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Driving NVH Simulation at Volvo

Pressure distribution around a car body due to a sound source at the exhaust orifice is pictured. Image courtesy of Volvo.

Pressure distribution around a car body due to a sound source at the exhaust orifice is pictured. Image courtesy of Volvo.

Over at Desktop Engineering, Frank J. Ohlhorst writes that Volvo is pushing the boundaries of NVH (noise, vibration and harshness) simulation in order to improve the quality of new automobiles.

Volvo Cars’ Andrzej Pietrzyk, advanced engineering leader, Body and Vehicle NVH CAE, says his group uses several different products to focus on their core tasks of supporting new product development. “In NVH CAE, the focus of MSC Software products is on body NVH, so the typical analyses are evaluating the dynamic stiffness, vibration transfer functions, noise transfer functions and acoustic transfer functions,” he says. Volvo has adopted several modules from MSC, including Nastran, 2013.1 and 2014.0, MSC Actran v14.1, v15.0, MSC Adams, and MSC Marc and other modules. Naturally, running all of those modules takes some serious computing power, explains Pietrzyk. Currently, we have a set of multi-node servers, typically using state-of-the-art processors, lots of memory and large advanced disk systems,” he says. “We run on 50 nodes, each equipped with double Intel Xeon E5 8-core CPUs, 256GB memory and 5TB fast disk systems.”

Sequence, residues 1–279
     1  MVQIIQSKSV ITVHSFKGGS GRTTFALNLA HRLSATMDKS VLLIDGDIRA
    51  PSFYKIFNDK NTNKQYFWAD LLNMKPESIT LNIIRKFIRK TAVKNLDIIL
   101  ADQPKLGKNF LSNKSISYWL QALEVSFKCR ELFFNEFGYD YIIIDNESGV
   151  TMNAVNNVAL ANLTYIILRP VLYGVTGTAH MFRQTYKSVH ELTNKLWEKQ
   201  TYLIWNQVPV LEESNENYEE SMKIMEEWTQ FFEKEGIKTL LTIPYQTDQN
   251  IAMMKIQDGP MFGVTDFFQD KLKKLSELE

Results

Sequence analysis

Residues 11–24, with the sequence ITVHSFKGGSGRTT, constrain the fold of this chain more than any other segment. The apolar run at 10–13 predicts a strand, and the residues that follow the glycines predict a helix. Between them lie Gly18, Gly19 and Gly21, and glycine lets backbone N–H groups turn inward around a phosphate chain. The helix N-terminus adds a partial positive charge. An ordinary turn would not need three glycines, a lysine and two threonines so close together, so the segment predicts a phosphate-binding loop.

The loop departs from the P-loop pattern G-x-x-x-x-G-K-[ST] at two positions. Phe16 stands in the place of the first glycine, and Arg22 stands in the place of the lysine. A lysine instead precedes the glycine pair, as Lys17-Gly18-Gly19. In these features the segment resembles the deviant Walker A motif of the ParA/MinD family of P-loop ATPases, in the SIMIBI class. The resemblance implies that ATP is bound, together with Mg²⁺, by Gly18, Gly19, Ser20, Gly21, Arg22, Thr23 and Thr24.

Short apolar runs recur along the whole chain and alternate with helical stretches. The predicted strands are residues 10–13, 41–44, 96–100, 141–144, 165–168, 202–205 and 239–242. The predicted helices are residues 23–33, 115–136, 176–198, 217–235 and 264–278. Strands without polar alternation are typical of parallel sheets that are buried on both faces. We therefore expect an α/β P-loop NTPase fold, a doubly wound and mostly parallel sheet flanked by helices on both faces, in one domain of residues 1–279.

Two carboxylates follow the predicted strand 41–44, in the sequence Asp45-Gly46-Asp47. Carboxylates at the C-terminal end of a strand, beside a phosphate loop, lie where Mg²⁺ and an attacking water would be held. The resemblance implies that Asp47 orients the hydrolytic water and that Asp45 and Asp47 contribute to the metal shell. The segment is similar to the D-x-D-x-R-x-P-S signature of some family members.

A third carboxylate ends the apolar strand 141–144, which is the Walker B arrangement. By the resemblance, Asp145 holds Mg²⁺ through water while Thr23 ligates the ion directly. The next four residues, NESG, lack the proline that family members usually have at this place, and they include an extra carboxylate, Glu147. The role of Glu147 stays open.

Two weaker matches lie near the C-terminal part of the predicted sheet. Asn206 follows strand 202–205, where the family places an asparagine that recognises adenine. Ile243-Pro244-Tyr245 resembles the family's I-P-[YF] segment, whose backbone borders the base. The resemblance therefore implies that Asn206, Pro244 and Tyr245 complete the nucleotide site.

To get the job done, Volvo uses MSC Nastran ACM, which divides workloads across multiple domains using distributed memory parallel processing.

For those applications, we can cut the solution time by a factor of 4-5 by running on several hosts simultaneously,” he says. “In applications involving the SOL 108 (a select solution sequence in Nastran) procedure, the scaling is linear, meaning that adding more hosts results in the corresponding reduction of the solution time. Running on 16 hosts instead of one leads to the solution time being cut by a factor of 16.”

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